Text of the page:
Even when the release/resignation agreement is acquiescent with the OWBPA, a waiver of ADEA claims, like waivers of Title VII and other discrimination claims, will be invalid and unenforceable if an employer used fraud, undue influence, or other improper conduct to coerce the employee to execute the waiver. Numerous courts have found ADEA waivers invalid for failing to meet just one of the many statutory requirements, especially when groups or classes of employees are involved. 

The professionals at Keefe, Campbell, Biery & Associates, LLC recommend our clients consider OWBPA compliant language when seeking a release/resignation agreement. Missing one of the 7 factors outlined above could be fatal to obtaining a valid waiver of any potential age discrimination claims. The research and writing of this article was performed by Bradley J. Smith, J.D. Bradley can be reached with any questions regarding employment law and general liability defense at bsmith@keefe-law.com.


Synopsis: Iowa WC Insurers take notice! Multi-Million Dollar Bad Faith Verdict Resulting from an Iowa Workers’ Compensation Denial. Analysis by Daniel J. Boddicker, JD. who is open for our KCB&A defense business across the great State of Iowa!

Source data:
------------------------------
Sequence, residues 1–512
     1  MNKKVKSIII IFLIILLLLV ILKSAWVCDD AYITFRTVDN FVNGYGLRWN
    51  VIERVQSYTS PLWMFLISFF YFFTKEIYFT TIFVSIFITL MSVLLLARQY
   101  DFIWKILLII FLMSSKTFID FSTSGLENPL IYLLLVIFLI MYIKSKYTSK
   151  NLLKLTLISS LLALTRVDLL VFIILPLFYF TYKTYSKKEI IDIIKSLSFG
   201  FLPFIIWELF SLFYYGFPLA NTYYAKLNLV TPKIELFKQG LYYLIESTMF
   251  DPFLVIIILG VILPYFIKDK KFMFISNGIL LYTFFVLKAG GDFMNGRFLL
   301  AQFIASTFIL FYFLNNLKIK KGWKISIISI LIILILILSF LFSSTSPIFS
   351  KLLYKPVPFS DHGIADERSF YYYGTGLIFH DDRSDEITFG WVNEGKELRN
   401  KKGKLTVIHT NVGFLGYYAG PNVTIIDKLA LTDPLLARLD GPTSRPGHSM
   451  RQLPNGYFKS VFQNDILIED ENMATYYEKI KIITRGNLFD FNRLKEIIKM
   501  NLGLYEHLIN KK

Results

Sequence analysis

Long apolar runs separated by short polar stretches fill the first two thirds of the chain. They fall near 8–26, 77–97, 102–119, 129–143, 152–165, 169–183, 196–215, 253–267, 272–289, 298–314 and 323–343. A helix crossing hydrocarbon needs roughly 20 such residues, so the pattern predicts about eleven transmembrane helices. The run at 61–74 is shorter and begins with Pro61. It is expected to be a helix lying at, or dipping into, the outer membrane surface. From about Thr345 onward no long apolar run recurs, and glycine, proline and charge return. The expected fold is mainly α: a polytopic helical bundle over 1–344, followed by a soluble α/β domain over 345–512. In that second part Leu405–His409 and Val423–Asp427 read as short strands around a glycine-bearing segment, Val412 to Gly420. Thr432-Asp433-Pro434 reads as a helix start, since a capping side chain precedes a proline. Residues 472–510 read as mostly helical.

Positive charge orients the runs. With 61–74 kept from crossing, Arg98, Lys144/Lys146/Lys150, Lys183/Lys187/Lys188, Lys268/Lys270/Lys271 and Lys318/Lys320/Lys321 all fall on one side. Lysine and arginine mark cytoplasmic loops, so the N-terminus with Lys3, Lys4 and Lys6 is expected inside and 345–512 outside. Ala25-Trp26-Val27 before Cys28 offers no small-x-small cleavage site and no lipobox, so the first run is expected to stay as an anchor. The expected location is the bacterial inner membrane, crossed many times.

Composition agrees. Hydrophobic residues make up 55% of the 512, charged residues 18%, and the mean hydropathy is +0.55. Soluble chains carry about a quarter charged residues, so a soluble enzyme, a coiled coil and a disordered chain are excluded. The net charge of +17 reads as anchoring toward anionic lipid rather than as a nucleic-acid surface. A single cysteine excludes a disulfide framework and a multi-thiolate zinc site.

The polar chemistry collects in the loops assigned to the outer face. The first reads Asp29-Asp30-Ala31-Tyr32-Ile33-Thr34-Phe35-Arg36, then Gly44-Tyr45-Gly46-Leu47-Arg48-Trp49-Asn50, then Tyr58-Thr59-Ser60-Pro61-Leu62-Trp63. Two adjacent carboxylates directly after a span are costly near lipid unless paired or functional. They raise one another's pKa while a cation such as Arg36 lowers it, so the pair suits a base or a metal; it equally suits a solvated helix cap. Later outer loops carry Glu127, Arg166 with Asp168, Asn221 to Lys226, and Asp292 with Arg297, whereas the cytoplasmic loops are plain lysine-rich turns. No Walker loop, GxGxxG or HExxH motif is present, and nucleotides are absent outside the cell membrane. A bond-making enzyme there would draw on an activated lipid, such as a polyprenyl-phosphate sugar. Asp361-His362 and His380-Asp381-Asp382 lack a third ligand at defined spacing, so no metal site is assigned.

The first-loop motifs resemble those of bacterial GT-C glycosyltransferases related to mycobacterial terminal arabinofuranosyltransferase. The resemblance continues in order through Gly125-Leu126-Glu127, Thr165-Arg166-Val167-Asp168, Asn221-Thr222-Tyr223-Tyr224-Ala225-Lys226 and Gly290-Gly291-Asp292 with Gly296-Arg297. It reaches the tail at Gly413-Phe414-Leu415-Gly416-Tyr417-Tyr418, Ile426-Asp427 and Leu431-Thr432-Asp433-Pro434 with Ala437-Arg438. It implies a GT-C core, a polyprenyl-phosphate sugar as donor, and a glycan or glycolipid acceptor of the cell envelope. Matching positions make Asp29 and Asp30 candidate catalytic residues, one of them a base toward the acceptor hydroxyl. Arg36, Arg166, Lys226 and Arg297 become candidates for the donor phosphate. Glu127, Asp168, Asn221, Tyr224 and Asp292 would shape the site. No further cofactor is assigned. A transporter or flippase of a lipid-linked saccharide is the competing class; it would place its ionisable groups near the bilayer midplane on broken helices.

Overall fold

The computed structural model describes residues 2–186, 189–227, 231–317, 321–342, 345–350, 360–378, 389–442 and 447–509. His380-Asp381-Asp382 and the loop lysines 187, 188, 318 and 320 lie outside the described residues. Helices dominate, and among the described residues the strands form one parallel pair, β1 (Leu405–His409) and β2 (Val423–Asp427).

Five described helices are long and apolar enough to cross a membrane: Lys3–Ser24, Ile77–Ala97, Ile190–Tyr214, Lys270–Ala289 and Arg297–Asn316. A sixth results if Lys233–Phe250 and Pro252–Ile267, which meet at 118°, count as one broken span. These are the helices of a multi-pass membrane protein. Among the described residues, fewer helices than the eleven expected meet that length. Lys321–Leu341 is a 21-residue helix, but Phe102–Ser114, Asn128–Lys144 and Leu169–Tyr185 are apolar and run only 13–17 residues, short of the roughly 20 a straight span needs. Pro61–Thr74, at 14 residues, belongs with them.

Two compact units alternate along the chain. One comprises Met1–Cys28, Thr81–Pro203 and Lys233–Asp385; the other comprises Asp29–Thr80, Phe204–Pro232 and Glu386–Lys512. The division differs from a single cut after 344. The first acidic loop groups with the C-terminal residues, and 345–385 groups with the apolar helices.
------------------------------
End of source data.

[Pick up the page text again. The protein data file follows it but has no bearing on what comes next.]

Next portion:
Editor’s Comment: On February 11, 2015 a Pottawattamie County, Iowa jury returned a verdict including $25 million in punitive damages in a bad faith claim. In Thornton v. American Interstate Insurance Company, Plaintiff Toby Thornton (“Thornton”) filed to recover damages against American Interstate Insurance Company (“American”) for bad faith and abuse of process following American’s actions in defending Thornton’s Iowa workers’ compensation claim. Thornton was working as a truck operator for Clayton County Recycling on June 25, 2009 and he was injured when his truck rolled and crushed the cab with him inside. Among his injuries Thornton suffered several vertebral fractures, leaving him paralyzed from the chest down, entirely without the use of his left hand and with only minimal use of his right hand. Soon after the date of accident American set aside a lifetime reserve based on permanent total disability (“PTD”) for Thornton’s claim. American calculated maximum statutory weekly benefits and began weekly payments dating back to June 26, 2009. Weekly payments continued until June 6, 2014, when American paid Thornton’s partial commutation in a lump sum.

In Iowa an insurer acts in bad faith when it (1) has no reasonable basis for denying an insured’s claim and (2) knew or had reason to know its denial or refusal was unreasonable. The parties disagreed over whether Thornton’s claim was denied. American accepted the claim and paid weekly benefits, without designating Thornton as a PTD, and without agreeing to stipulate to a partial commutation of Plaintiff’s benefits. Before the Commissioner in the workers’ compensation claim, American denied Thornton’s PTD petition, moved to reconsider the adverse finding, and later denied a partial commutation of Thornton’s benefits was in his best interests.